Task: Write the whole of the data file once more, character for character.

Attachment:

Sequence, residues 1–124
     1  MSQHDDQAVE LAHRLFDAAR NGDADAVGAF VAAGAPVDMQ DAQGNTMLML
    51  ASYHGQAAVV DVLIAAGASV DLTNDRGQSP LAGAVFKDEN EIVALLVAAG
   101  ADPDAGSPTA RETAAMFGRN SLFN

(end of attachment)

Sequence, residues 1–124
     1  MSQHDDQAVE LAHRLFDAAR NGDADAVGAF VAAGAPVDMQ DAQGNTMLML
    51  ASYHGQAAVV DVLIAAGASV DLTNDRGQSP LAGAVFKDEN EIVALLVAAG
   101  ADPDAGSPTA RETAAMFGRN SLFN